How To Videos: Lucity Queries with Microsoft SQL Server and Excel

What follows is not a blog, but some suggestions on using Microsoft SQL Server "Views" to query your Lucity data using Excel.   This information is intended to assist Lucity software users, and not for any nefarious purposes.

I recommend watching the videos in Full Screen view and with HD resolution.  They're not as blurry as they look on this page!!  Each of these about two minutes long, but the original actions only took 50 seconds each.  (After recording them, I decided to slow them down to make them more watchable.)

1. How to create a SQL Server "View".  

The video shows how to create a new View from the core Work Order table.  (WKORDER - see the data dictionary here.)  The video first shows the simple method of creating a view with all fields, then shows the more effective method of including only needed fields, and re-labeling them with their on-screen names.

Music: "A View to a Kill" - Duran Duran

2. How to Connect to the View with Excel

With a view created, we use Excel's ability to connect to external data sources to directly query the Lucity database.  Notice that we're using a Read-Only user - an extra layer of security that allows the views to be shared without concerns about data changes.  Also, your server and database names will be different.

Music: "Mothership Connection" - Parliament

3. Using the Connection for Excel Queries

The video starts by showing the View, which includes only the Work Order, Category, Project Number, and Total Amount.  (Plus a filter to only get Complete Work Orders with status 999.)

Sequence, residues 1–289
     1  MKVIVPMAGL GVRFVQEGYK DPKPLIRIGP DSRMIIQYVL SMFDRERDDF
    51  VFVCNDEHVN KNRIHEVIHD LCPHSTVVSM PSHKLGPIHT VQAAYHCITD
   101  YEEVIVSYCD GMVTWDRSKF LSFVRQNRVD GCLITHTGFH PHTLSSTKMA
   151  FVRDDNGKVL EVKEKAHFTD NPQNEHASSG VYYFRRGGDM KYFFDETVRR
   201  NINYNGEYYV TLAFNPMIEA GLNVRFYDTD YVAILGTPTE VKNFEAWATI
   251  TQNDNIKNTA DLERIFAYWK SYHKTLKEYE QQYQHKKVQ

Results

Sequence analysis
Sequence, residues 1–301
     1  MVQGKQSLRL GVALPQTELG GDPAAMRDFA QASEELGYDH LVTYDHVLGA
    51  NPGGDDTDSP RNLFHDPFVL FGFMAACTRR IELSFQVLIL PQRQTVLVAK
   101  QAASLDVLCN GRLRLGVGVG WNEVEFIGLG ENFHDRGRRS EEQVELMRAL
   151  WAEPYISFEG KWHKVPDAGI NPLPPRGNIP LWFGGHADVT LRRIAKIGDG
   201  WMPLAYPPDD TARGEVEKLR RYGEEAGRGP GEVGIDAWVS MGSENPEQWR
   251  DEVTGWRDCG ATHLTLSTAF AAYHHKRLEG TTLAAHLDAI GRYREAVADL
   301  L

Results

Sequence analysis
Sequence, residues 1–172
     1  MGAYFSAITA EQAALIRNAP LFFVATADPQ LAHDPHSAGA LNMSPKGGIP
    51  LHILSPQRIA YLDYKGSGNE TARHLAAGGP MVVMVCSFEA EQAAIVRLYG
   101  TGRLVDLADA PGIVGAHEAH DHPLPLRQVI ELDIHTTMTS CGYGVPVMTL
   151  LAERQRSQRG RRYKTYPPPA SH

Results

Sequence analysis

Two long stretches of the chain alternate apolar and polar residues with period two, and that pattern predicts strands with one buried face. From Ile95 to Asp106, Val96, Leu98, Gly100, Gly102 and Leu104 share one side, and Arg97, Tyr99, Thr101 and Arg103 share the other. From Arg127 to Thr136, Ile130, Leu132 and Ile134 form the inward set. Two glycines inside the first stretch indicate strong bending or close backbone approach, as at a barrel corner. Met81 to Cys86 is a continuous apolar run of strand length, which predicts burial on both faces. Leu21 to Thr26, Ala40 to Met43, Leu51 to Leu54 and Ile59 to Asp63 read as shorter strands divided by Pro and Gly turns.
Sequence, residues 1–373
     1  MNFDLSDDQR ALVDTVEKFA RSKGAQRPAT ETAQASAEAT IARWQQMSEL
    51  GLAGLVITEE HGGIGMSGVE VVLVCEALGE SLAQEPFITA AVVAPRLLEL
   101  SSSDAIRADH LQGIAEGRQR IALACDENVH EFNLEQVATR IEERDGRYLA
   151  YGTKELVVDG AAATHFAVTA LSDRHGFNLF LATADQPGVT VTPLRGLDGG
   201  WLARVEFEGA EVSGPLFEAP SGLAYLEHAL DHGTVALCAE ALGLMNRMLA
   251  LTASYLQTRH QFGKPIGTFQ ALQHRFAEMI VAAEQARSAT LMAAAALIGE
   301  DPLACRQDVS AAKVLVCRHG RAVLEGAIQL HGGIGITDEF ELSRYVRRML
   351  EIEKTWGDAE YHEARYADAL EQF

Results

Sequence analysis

Once the connection is defined, we create a simple table query (here filtering on one Project Number and doing a simple Sum) and then a Pivot Table.  Read on after the video for a Pro tip!

Music: "Think" - Aretha Franklin  (because of your freeee-dom! from reporting tools)

Pro Tip - if you're creating these spreadsheets and want to share them with people, you should set the spreadsheet to automatically refresh when it opens - and to NOT save data when it's closed... to keep the Excel file tiny.

This text is from Microsoft's support site:
  • Click a cell in the external data range. 
  • On the Data tab, in the Queries & Connections group, click the arrow under Refresh All, and then click Connection Properties.
Mouse pointing to the Connection properties command on the ribbon
  • In the Connection Properties dialog box, on the Usage tab, under Refresh control, select the Refresh data when opening the file check box.
  • If you want to save the workbook with the query definition but without the external data, select the Remove data from the external data range before saving the workbook check box.